THE FOREIGN SERVICE JOURNAL
the drafting of shorter papers, akin to “action memos” in the State
Department. Concise and succinct drafting with well-focused
options and recommendations is a particularly valuable skill in
government, as well as in the private sector.
Group Exercises and Scenarios
Group exercises develop interpersonal skills and the abil-
ity to work in a group setting. Success requires leadership and
an ability to evaluate other views. It also requires discipline. In
one of my classes, I divide students into eight working groups.
Each group must prepare a presentation for the class on one
country in the Persian Gulf. The groups have a finite amount of
time during which they are to cover all aspects of that country’s
domestic and foreign policy, as well as its relationship with the
United States. It is a challenge and forces the group to be well-
organized, disciplined with their time and succinct.
Individual class presentations, if properly structured,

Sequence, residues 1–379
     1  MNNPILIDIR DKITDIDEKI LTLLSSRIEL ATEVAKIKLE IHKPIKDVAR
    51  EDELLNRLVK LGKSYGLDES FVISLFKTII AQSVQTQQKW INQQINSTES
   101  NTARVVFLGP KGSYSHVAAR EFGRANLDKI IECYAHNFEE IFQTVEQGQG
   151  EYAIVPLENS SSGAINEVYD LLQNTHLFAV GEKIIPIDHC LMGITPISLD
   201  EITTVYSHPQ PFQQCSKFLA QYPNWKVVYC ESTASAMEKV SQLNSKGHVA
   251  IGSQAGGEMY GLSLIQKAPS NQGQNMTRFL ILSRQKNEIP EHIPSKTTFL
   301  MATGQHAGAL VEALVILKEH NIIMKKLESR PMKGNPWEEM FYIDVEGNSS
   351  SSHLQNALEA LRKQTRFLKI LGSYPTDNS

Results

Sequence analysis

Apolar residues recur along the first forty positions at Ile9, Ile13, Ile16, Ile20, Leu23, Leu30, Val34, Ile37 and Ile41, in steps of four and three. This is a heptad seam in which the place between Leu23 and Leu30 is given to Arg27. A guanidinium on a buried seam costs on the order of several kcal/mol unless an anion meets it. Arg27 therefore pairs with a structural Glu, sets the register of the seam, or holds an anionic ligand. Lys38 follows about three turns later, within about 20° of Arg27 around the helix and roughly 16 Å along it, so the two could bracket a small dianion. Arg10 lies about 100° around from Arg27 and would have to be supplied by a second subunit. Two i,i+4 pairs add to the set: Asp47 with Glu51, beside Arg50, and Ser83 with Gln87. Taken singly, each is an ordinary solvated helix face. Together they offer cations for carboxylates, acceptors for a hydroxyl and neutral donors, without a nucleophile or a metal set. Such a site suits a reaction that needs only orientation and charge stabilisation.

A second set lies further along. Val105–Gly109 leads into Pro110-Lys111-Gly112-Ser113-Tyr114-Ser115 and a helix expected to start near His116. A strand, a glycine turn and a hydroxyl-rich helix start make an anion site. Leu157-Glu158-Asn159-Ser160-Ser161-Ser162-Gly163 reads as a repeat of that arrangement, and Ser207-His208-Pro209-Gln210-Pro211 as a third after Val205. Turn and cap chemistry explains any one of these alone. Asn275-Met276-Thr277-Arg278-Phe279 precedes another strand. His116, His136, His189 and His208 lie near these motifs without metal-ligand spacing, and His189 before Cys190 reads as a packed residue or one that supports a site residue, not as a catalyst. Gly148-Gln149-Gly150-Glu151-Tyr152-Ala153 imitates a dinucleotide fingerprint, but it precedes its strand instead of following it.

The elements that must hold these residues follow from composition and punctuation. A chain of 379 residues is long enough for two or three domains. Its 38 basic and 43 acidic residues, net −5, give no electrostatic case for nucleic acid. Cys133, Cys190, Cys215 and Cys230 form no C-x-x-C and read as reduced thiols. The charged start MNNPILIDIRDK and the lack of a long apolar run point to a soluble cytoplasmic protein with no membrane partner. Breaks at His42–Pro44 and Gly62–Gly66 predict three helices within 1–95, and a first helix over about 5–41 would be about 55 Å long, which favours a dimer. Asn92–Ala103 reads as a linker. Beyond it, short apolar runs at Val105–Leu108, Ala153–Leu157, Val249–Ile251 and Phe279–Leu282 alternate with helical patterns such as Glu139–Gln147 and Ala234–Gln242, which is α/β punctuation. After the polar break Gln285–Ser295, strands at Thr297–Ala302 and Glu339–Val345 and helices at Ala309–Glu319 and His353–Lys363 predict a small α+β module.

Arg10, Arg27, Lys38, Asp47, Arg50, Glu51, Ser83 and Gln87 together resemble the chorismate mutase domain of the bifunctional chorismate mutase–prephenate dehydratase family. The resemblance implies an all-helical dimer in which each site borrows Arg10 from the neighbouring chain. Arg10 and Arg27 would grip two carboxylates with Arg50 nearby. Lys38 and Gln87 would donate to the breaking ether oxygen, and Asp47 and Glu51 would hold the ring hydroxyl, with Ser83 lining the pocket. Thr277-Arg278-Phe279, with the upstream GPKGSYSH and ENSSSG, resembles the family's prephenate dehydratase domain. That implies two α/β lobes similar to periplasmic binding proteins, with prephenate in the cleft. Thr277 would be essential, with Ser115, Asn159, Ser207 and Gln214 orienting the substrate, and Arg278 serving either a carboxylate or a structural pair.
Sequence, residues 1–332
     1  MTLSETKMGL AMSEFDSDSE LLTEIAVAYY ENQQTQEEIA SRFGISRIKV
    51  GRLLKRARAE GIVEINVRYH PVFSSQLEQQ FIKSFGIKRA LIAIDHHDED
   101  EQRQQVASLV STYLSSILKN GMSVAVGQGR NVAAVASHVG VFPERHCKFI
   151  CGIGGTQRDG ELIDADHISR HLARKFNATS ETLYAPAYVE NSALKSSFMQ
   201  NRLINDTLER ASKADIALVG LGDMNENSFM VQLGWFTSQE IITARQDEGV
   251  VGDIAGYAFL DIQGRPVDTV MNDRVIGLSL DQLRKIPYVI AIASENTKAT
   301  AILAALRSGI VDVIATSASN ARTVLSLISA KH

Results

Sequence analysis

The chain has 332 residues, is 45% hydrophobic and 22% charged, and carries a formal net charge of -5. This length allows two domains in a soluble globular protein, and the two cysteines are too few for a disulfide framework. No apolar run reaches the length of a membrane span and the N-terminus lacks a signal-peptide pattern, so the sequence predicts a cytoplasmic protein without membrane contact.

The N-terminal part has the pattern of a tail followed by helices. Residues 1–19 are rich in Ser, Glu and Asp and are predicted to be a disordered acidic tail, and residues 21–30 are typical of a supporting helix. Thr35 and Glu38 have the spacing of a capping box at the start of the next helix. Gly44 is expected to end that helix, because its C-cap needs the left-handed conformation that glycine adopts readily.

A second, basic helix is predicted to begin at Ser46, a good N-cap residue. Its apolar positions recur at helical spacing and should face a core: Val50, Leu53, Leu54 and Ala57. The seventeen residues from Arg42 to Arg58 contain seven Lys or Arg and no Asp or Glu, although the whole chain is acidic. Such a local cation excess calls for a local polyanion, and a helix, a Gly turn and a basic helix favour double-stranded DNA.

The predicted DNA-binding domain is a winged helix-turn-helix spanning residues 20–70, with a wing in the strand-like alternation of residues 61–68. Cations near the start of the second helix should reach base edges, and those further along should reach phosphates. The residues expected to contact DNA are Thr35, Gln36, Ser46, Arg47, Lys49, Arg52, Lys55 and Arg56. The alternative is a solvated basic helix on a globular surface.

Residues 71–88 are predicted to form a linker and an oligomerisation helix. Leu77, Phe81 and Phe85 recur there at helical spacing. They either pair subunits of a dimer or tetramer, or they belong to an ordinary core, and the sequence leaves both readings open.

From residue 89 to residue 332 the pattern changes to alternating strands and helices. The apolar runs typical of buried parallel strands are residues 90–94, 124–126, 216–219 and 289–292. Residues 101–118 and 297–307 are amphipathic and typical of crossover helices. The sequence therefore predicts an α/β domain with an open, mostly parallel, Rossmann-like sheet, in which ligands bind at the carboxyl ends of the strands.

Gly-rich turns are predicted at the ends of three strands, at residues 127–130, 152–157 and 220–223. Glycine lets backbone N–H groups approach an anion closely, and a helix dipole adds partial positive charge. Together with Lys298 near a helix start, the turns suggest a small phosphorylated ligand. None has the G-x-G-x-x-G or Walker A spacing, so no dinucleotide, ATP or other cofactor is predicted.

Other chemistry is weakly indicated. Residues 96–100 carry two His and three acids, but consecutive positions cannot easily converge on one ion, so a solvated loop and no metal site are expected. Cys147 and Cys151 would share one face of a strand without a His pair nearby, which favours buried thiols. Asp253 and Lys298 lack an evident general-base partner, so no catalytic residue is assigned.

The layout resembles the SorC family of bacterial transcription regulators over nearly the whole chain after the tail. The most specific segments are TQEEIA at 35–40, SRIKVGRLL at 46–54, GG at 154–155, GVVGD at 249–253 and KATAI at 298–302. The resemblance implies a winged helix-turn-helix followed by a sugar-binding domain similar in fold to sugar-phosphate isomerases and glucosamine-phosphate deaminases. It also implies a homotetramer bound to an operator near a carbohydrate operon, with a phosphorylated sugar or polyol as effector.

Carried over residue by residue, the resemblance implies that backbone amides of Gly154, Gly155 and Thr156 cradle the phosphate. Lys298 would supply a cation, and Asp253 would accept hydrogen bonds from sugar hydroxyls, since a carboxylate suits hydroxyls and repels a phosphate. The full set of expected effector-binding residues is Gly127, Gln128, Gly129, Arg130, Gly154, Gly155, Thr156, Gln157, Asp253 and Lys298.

enhance briefing skills—another important attribute that
employers often find to be weak in applicants. Time-limited pre-
sentations on complex topics replicate the reality of the Foreign
Service workplace. The ultimate accomplishment is enhanced
student confidence in his or her ability to brief and to speak
Another important technique is the use of scenarios or crisis
exercises. In my course on the role of an embassy in the con-
duct of foreign policy, I assign each student to a position on my
country team. In the crisis scenario I feed the students data,
which they report to the country team. As in real life, some of
the information they receive is at variance with that from other
sources. In some cases the source itself is questionable. The team
must then analyze what they know and make assessments as to
what they believe are the facts.
They then have to determine what recommendations they
will make to Washington, and why. Inevitably there is much
debate and, often, dispute—exactly as in real life. In this course,
each student is paired with a Foreign Service officer who has
served in the same capacity as the student’s role on my country
team. The value of this additional ingredient is obvious. The
students gain a practical understanding of their responsibilities
and role in a crisis and, importantly, they develop a relationship
with a real practitioner.
While this idea may seem a luxury available only at universi-
ties located in the Washington, D.C., area, there are, in fact, FS
retirees around the country, as well as active-duty officers in
Washington, who are able and willing to engage with students by
phone or email, if not in person.